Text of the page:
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table sizing

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  • table sizing

    Hi,
    I have an innodb table with 3 columns, int(11), bigint(20) and decimal(24,5). Based on what I see in the docs each row should account for 24 bytes.

    Currently this table has 25923814 rows in it (generated from select count(*) from table), therefore I would think that the amount of data should add up to @ 600MB (24*numrows).

    However, the data length that I get from information_schema.tables is 2718744576 (roughly 2.5GB). This table was analyzed very recently as well.

    Could someone point me to a doc or explain what is going on here? The table is very static, its lifetime consists of a bunch of inserts, truncation then more inserts and truncation.

    Any ideas on how I can create a sizing calculation that is more accurate?

    The table is using utf8, but I would not think that has anything to do with the sizing. Haven't tested that theory yet, but I would think that it wouldn't matter what char set I use since this table only consists of numbers.

    I am running 64 bit mysql 5.5.8 on Solaris 10. Should I be using Percona server instead?

    thanks.

  • #2
    Yes, but you also have to have some meta data for each record for internal house holding chores.

    And for InnoDB that meta data is quite large for very small rows like yours. In your case the meta data would be something like 6+6+6+7 = 43 bytes.
    Which gives you a row size about: 43 + your data 24 bytes/row = ~70 bytes/row
    And then you have more space occupied by checksum and meta data for each 16k page InnoDB stores data in and the size of the b-tree made up of the primary key at which leaves InnoDB stores the data etc.
    So yes the physical size of an InnoDB table is quite large.

    If you are running MyISAM on the other hand the overhead per row is very low with just a few bytes at which point your calculation would be more accurate.
    But then you don't have the transaction support, or the robustness that InnoDB provides which is what you are paying for with increased size.

    A very simple rule of thumb for storage need is that InnoDB takes about 2.5-3 times the size of a MyISAM table.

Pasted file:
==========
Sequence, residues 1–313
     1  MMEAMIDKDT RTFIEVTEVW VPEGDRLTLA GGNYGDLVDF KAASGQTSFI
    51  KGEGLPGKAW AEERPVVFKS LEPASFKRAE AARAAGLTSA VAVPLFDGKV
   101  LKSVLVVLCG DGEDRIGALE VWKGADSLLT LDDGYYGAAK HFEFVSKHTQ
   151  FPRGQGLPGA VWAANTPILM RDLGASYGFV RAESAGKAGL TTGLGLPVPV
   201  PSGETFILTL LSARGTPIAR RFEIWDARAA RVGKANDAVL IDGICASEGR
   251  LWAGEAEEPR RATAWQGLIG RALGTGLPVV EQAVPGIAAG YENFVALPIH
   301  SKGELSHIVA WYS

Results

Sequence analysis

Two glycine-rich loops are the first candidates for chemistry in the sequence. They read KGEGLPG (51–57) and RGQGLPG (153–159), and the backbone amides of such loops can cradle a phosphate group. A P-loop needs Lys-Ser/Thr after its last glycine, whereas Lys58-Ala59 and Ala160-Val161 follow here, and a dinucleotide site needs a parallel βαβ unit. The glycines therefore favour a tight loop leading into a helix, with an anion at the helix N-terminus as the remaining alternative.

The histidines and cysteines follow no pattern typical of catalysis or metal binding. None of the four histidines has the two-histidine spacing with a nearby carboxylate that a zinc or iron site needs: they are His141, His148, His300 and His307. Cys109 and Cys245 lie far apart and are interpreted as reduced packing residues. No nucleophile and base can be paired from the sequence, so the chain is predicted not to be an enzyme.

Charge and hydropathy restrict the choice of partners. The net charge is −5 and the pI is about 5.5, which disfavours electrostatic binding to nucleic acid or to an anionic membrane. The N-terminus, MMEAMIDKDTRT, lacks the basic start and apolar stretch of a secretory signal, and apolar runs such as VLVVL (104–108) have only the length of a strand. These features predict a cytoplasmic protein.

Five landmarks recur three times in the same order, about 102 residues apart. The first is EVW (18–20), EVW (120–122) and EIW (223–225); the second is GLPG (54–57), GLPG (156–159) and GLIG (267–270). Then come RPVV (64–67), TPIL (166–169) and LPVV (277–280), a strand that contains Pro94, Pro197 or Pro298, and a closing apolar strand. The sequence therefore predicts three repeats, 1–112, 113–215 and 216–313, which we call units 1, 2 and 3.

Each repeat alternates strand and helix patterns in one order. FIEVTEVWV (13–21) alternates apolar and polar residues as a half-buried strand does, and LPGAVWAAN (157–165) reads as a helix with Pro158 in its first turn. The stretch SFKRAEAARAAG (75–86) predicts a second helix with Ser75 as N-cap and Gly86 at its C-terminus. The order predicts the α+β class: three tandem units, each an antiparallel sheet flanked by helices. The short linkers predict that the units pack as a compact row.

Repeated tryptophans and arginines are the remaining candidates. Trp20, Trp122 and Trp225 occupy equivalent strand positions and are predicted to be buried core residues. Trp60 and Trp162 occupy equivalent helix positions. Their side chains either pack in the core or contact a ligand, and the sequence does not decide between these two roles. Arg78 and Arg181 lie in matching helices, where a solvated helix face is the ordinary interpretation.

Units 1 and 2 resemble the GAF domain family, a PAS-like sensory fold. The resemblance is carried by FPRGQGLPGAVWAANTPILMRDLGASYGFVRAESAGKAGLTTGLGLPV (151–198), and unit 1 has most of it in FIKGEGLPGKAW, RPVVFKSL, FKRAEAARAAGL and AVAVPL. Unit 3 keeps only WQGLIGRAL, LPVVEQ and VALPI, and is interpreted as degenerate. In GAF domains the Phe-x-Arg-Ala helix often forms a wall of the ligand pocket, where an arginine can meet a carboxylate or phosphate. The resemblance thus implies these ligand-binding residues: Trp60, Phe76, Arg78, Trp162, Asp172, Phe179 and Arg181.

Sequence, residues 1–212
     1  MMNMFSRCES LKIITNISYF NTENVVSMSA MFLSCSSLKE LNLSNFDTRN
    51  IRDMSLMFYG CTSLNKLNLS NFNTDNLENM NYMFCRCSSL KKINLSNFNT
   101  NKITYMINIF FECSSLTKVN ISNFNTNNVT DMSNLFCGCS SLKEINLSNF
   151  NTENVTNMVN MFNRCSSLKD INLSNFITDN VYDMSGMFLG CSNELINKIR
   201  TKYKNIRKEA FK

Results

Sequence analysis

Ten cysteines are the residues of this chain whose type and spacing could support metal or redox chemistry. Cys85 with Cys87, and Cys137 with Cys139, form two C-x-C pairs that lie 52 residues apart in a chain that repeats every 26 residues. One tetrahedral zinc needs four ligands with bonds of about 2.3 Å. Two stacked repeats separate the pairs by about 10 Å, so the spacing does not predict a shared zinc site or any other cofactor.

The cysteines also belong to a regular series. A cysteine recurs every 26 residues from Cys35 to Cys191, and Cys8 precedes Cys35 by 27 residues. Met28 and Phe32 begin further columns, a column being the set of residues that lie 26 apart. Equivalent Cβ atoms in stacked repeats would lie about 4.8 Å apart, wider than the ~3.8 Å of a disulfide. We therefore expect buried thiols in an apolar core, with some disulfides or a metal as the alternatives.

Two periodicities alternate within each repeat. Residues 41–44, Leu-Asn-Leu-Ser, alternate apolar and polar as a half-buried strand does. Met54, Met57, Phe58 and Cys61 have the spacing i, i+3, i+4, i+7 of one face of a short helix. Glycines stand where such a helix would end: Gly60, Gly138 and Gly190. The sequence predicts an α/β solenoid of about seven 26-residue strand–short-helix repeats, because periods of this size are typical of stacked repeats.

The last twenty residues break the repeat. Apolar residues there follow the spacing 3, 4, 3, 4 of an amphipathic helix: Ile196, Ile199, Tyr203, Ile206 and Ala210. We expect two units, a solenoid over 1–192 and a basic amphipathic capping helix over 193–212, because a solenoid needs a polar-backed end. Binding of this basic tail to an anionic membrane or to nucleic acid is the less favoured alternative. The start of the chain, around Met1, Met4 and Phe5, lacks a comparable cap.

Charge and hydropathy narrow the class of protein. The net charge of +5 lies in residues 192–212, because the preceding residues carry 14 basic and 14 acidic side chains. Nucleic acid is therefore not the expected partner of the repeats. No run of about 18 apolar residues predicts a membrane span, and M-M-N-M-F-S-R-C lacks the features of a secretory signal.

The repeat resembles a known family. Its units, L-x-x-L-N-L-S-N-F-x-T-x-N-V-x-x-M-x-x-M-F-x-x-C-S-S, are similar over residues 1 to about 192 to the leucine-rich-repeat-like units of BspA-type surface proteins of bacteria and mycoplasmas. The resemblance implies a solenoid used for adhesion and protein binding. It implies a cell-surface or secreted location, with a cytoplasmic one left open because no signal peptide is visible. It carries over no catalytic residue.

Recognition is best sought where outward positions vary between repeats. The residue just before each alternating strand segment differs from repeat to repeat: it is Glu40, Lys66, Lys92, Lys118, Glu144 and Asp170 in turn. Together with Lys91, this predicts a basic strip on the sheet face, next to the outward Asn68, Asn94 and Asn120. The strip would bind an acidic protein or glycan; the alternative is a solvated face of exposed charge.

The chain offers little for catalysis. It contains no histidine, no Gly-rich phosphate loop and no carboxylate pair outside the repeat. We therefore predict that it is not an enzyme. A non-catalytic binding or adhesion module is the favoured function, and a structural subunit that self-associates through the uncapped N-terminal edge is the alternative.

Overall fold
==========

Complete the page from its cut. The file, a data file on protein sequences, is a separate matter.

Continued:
A good place to read about the InnoDB table format is here:
    http://forge.mysql.com/wiki/MySQL_Internals_InnoDB
    But it's not easy reading.

    Comment


    • #3
      Thanks, this is exactly the type of information I wanted.

      I've been experimenting and reading up a bit more in the mysql docs about this.

      I found that since the primary key is a composite key on the bigint(20) and the int(11) that it is increasing the size of the table quite a bit due to the additional book-keeping. I've also found that it increases the sizing of the index as well.

      Since I don't need the uniqueness and the I/O clustering that primary key provides I just removed it. As a result I've actually found a space savings of about 50%. And as a welcomed side-effect the selects are running quite a bit faster.

      So before the table was constructed like this:

      column1 int(11),
      column2 bigint(20),
      column3 decimal(24,5),
      primary key(column2, column1),
      key (column1)

      after experimenting, I've found this table layout to be much more efficient:

      column1 int(11),
      column2 bigint(20),
      column3 decimal(24,5),
      key (column1),
      key (column2)

      Comment


      • #4
        Aah, yes the too-large-primary-key bump, a not so uncommon problem.

        At the same time, do you really need InnoDB for this table?
        A bunch of inserts, then truncation, a bunch of inserts, truncation, etc sounds like a log table which is when MyISAM table is actually very good.

        MyISAM even has an optimization for an optimized table (if you don't delete or update it will always be optimized) that makes it circumvent the normal MyISAM table level locking since it only writes to the end of the table every time.

        Comment


        • #5
          Interesting point. I think along time ago we did try MyISAM but at that stage in the app these tables needed to be updated. I have overhauled the mechanism over the years so that it only inserts and truncates now.

          Maybe you are on to something. I usually dismiss MyISAM as unusable, but I could be way off base. I'll probably try it out.

          thanks for the advice!

          Comment


          • #6
            Would MariaDB be a better alternative at this point to MyISAM?

            Comment

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